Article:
Over the weekend I spent some time with a fun family that has eight children of varying sizes. One of the almost-grownups, my friend R., had just finished high school and a party was being held in her honor. Since they live three hours' drive West of me, I stayed the night.
One of oldest boys cheerfully gave up his room for me, and D., the mom, thoughtfully chose a collection of great 'browsing' books to arrange on the bedside table, adding a few more during the evening as we talked.
It's true: I was tempted to stay up all night reading! Here's the collection and some of my thoughts:
Wildflowers of Colorado, photography by John Fielder; nice. He has good material to work with!
Bilbo's Last Song, by J.R.R. Tolkien, illustrated by Pauline Baynes. The illustrations sum up the Hobbit's journeys.
The Valley of Vision: A Collection of Puritan Prayers and Devotions, ed. Arthur Bennett. Not everyone can stomach the Puritans, it's true, but they have much to teach us. This little leather volume provides it in small, deep doses!
Keeper of Springs, by Ingrid Trobisch (who with her husband Walter Trobisch cowrote several well-reputed books on marriage) and Marlee Alex. "Evoking a passion for homekeeping, Keeper of the Springs provides inspiration and motivation for cultivating atmosphere, tradition, and beauty in the midst of your surroundings and hectic family life." Ingrid's reflections on her life and homemaking, illustrated with photos. Not so relevant, perhaps, to someone who lacks 'hectic family life,' but a beautiful gift book, nonetheless!
Honey for a Woman's Heart: Growing your World through Reading Great Books, by Gladys Hunt. Yeah, the title makes me cringe a bit, but the subtitle redeems it! And the contents are great. I'm going to look for a copy of this chatty guide to good reading, for myself. It's also just the thing for my old college roommate - not as much of a reader as she'd like to be - who recently wrote and asked for a list of books or authors I'd recommend to 'strengthen her literary core'! (The author wrote a similar work well-known with the home-school set, Honey for a Child's Heart: The Imaginative Use of Books in Family Life).
Letters to a Diminished Church: Passionate Arguments for the Relevance of Christian Doctrine, by Dorothy Sayers, collects a number of Sayers' essays of apologetics and social commentary which appear other places.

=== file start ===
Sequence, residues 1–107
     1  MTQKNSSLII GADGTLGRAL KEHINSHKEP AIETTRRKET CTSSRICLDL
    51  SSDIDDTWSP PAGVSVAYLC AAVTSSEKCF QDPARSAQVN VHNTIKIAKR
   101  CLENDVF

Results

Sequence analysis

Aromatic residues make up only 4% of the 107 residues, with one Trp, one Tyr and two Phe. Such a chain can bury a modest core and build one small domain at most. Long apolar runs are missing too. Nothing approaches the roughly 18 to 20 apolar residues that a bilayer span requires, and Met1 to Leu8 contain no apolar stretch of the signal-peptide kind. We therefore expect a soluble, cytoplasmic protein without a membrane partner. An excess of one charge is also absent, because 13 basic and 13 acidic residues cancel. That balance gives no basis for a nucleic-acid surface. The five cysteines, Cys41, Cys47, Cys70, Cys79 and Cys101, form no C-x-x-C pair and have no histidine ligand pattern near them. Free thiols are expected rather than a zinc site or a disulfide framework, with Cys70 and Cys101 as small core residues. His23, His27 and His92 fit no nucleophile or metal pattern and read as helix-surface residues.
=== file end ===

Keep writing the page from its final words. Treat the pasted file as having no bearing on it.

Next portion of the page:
Three more were on the pile which are not so much browsing books as serious reads -- all of which I hope to hunt down and peruse properly. One reason they catch my eye is because I would like to do more this kind of writing someday; all three draw inspiration from history for facing the world's challenges today and tell the stories of those who have gone before to inspire and encourage believers now. Doing that kind of extensive research is not only a lot of fun and helpful to others but also a great way to learn things more deeply, myself.
The New Friars: The Emerging Movement Serving the World's Poor, by Scott Bessenecker. The head of InterVarsity's Global Trek program puts it in historic perspective and tells the stories of people changing the world by identifying with those on its fringes. (Includes some material on two of our favorite, lesser-known missions movements, those that took place among the Moravians and the Nestorians.)
Granny Brand: Her Story, by Dorothy Clarke Wilson; you may have heard of her son Paul Brand, also a missionary as well as a doctor, teacher, and author. From what I read of this I get the impression that Granny was NOT the kind of M. that Ingrid (above) and Lilias (below), were - finding beauty wherever she goes and making her home a nest - but more the plain-spoken, tough-as-nails, but with a heart-as-big-as-all-outdoors type. The kind who knows how to spit. We shall see. I think the public library should be able to find me a copy.
A Passion for the Impossible: The Life of Lilias Trotter, by Miriam Huffman Rockness. This is one of D's favorites. I told her I was trying to figure out which missionary biographies about women to recommend on a 'short list' like this one (which strangely only includes books by and about men). I'm not sure if this one would have as broad an appeal, to both men and women, as the four books Ted lists, but there's got to be something that would. Let me know if anything comes to mind...
And I'd love to hear if any of you have a stack of favorites you'd place beside the bed in your guest room! (Deb and I have a rather rambling shelf-full, mostly for our mothers who come to stay now and then.)